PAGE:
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Question: I am 59 and have been receiving my Social Security disability insurance (SSDI) benefits for three years. My husband will retire at his full retirement age 66 in May. Will I be able to claim his benefits then or will I have to wait until I'm 62?

Answer: You are not eligible to receive a spousal benefit from your husband's retirement benefit until you are 62, says Bob Rall, a certified financial planner with Rall Capital Management.

Once you reach age 62, and assuming your husband is receiving his Social Security benefit, Rall says, you can claim up to 50% of your husband's benefit, but the total amount you receive (your SSDI and spousal benefit) will not exceed 50% of his benefit. "In other words, you can't receive all your SSDI plus your spousal benefit," he says.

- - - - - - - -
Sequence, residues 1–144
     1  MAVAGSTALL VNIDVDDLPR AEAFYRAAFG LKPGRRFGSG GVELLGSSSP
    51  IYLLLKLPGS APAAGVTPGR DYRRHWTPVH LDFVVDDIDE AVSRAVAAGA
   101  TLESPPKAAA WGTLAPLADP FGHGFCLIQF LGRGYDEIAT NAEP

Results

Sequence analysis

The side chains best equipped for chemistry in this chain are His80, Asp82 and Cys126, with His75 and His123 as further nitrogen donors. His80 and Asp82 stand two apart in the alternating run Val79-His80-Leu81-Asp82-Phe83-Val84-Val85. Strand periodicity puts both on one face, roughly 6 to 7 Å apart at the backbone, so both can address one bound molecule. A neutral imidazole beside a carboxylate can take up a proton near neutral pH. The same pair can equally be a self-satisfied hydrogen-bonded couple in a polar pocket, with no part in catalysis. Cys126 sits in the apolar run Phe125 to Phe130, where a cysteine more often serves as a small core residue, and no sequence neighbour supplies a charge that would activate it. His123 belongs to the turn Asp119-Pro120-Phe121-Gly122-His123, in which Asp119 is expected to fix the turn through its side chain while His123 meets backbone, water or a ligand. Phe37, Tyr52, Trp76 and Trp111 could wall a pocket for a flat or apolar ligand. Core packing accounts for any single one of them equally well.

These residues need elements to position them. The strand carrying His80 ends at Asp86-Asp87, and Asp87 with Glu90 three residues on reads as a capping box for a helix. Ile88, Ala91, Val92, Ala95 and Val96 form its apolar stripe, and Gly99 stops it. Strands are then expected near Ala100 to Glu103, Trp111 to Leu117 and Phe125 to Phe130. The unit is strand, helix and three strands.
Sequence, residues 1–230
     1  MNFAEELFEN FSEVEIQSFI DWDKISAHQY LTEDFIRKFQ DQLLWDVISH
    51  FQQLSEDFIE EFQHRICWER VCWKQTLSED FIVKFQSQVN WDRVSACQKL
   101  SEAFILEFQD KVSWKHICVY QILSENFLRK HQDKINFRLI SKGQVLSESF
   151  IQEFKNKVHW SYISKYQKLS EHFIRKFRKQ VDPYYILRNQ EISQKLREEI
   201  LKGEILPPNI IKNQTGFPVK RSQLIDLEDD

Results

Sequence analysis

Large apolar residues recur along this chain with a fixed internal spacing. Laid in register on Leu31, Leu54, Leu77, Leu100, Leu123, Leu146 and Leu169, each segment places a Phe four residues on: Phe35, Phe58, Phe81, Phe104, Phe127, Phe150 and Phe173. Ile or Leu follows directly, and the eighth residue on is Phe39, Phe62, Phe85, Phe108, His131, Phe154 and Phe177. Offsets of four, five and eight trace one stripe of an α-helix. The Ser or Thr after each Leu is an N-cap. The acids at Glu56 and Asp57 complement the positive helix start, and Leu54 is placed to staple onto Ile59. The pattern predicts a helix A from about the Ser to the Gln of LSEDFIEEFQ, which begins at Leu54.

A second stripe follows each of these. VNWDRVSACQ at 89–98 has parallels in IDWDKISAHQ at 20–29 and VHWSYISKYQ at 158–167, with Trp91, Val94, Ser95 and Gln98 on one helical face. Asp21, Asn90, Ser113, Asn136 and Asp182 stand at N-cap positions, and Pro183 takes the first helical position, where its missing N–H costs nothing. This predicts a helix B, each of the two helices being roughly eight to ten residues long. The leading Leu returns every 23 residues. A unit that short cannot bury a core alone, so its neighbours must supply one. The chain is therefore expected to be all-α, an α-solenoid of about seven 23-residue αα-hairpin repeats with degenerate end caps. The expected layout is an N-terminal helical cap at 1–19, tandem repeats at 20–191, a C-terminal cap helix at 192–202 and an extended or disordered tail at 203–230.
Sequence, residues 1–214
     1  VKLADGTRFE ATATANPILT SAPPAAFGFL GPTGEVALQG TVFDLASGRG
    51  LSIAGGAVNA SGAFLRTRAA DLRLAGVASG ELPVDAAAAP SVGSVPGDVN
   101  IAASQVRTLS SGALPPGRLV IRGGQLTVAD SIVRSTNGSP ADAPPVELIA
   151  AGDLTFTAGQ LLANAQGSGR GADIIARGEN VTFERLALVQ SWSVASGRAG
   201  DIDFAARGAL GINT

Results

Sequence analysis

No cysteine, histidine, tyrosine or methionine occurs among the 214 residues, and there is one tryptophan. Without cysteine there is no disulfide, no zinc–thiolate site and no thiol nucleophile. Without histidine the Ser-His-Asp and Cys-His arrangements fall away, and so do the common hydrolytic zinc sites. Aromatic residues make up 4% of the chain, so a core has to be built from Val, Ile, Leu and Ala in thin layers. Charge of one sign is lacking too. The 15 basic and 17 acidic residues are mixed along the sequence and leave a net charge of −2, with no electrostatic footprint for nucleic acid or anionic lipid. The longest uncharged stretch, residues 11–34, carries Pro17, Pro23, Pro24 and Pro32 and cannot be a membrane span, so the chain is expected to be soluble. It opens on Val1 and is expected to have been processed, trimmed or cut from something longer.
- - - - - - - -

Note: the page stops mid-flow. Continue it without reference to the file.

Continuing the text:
Example: Your SSDI is $100 per month. Your husband's Social Security benefit is $500, so your spousal benefit is $250. At age 62, you could receive your SSDI of $100 plus $150 of your spousal benefit, for a total of $250.

Got questions about Social Security, saving and investing for retirement or the tax law? Email

Robert.Powell@TheStreet.com

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Question: I am 59 and have been receiving my Social Security disability insurance (SSDI) benefits for three years. My husband will retire at his full retirement age 66 in May. Will I be able to claim his benefits then or will I have to wait until I'm 62?

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